….Nigerian leaders are so in awe of expatriates that even in things as mundane as constructing roads, they take pride in being photographed with some second rate foreign contractor. The paradox is that if Nigerians can’t be trusted to do simple things like building durable roads, how can they be trusted to manage the far more complex issues of good governance?”[/center]


5) White Jesus; No one today truly knows how Jesus Christ looked like and I am okay with that as a Christian. What I find unacceptable is the use of the Italian looking Jesus that we Nigerians hold on to. Most Nigerian churches have an image of Jesus appearing as a white man, when it is more likely that Jesus would have a darker skin.






http://allnaijablog.com/5-common-cases-of-colonial-mentality-in-nigeria
cc Cao, Lalasticlala, johnydon22

Why is this about Jesus complexion? Should any sane Nigerian worship a Jew in the first place?

2 Likes 2 Shares

Re: 5 Common Cases Of Colonial Mentality In Nigeria by macof(m): 1:48pm On Oct 06, 2015
llaykorn:


Laykorn can be whatever you decide to call it and that still doesn't change the fact that it is moronic of anyone to claim that wanting to speak a language that isn't ours the way it is spoken by those who own it is a case of colonial mentality. smiley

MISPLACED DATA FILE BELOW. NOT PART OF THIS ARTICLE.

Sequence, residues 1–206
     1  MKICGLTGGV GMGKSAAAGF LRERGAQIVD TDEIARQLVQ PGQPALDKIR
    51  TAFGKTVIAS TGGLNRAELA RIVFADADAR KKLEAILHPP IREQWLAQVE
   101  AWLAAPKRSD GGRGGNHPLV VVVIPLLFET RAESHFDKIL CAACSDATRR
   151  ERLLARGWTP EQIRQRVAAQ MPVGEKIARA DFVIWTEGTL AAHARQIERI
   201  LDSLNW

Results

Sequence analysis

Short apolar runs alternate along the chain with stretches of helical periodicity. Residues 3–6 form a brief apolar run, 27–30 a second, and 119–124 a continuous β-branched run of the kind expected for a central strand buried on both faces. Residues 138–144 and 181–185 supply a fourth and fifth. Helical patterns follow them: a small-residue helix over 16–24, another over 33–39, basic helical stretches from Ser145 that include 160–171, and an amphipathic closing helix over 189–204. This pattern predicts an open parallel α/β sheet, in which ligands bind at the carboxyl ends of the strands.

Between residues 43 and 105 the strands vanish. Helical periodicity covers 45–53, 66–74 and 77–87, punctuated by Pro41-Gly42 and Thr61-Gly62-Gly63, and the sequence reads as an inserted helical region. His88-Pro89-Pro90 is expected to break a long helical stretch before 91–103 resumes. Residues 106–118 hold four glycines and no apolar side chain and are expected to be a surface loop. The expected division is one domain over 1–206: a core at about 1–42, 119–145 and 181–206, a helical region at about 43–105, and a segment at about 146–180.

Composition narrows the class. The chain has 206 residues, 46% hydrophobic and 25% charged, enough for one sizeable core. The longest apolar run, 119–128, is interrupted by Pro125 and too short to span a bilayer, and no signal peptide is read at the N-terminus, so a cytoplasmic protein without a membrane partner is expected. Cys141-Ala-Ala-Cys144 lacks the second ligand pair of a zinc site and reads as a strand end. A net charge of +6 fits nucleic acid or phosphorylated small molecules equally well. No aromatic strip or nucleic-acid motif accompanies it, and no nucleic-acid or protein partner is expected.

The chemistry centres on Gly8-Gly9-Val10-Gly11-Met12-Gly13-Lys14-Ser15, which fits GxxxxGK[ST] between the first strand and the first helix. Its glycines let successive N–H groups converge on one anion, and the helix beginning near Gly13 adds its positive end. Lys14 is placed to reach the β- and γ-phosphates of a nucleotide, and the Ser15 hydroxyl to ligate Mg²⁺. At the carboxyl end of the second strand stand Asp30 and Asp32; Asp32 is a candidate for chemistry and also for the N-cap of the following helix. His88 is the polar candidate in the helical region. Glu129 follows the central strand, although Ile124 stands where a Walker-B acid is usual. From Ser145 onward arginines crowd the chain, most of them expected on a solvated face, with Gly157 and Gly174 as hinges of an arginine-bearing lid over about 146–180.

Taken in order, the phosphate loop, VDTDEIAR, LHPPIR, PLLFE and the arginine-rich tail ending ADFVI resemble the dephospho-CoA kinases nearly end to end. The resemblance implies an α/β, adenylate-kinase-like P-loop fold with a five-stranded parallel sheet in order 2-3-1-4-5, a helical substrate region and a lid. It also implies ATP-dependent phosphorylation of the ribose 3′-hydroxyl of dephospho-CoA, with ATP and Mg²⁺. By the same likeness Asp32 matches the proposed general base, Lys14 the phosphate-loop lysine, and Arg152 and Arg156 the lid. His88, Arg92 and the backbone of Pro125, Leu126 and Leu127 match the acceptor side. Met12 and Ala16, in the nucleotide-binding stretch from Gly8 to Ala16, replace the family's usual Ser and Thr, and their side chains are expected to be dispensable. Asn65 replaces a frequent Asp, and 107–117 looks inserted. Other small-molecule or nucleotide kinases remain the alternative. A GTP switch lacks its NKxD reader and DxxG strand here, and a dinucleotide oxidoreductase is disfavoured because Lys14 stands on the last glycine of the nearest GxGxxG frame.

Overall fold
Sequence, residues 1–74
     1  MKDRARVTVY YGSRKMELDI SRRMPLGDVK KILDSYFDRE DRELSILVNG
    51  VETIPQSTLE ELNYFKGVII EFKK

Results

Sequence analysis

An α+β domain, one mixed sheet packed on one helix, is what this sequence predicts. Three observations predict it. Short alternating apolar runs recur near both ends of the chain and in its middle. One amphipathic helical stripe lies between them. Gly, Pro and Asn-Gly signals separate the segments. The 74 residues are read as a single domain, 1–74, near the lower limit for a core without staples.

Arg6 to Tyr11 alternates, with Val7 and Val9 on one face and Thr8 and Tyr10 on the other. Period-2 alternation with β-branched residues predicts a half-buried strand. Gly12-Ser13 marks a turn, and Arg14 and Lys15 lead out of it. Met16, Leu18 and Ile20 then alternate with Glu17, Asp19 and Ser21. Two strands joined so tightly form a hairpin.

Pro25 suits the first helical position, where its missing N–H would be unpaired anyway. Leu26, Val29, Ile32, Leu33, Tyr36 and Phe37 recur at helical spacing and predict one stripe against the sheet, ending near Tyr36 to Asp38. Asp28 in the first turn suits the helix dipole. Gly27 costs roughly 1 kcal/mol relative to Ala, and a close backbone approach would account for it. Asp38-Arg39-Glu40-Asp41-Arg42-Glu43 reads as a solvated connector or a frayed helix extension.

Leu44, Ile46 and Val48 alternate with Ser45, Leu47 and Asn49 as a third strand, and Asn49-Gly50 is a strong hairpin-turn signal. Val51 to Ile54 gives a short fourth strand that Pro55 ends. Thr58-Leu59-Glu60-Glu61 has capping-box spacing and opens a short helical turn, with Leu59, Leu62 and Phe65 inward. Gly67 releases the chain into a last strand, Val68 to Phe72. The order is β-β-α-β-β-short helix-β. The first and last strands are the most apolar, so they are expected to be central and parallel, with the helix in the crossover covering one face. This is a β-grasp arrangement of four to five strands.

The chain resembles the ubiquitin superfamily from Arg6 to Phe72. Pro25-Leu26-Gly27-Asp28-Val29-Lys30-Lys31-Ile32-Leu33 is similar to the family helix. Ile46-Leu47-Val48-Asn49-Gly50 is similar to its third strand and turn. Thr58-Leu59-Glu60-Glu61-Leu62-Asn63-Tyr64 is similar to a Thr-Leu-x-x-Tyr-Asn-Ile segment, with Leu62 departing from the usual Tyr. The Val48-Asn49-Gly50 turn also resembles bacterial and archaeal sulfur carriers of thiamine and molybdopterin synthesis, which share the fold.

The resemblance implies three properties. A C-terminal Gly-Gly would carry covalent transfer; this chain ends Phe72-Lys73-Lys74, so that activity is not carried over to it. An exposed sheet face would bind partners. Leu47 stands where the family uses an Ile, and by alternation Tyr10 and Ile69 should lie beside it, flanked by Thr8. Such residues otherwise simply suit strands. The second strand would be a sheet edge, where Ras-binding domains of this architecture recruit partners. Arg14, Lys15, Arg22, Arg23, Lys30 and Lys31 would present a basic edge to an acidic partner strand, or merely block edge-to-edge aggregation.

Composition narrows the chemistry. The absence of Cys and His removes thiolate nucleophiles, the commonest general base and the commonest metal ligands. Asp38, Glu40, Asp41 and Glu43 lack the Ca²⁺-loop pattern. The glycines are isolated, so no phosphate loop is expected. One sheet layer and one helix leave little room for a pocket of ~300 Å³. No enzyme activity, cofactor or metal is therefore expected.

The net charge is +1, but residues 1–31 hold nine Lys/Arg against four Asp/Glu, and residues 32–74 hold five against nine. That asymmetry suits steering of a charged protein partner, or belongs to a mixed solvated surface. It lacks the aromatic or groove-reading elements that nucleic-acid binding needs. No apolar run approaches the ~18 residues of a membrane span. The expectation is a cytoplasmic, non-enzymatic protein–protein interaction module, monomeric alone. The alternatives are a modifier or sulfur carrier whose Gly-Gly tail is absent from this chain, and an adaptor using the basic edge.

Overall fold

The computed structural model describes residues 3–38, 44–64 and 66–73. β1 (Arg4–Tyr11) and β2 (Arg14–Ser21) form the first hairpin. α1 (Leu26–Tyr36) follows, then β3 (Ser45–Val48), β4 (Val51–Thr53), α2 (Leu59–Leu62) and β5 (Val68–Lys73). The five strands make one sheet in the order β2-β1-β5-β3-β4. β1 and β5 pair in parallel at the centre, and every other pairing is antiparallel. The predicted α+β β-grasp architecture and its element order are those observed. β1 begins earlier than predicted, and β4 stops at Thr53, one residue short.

Why don't Americans speak English the British way?

Inferiority complex oshi. .u are shamelessly trying to defend such disgusting act

(1) (2) (Reply)

Hausas On Nairaland !*! Kuzo Mu Shakata / Popular Traditional Names In Yoruba, Hausa And Igbo With Their English Meaning / This Is The Lagos (yoruba) Wedding That Broke The Internet

(Go Up)

Sections: politics (1) business autos (1) jobs (1) career education (1) romance computers phones travel sports fashion health
religion celebs tv-movies music-radio literature webmasters programming techmarket

Links: (1) (2) (3) (4) (5) (6) (7) (8) (9) (10)

Nairaland - Copyright © 2005 - 2021 Oluwaseun Osewa. All rights reserved. See How To Advertise. 205
Disclaimer: Every Nairaland member is solely responsible for anything that he/she posts or uploads on Nairaland.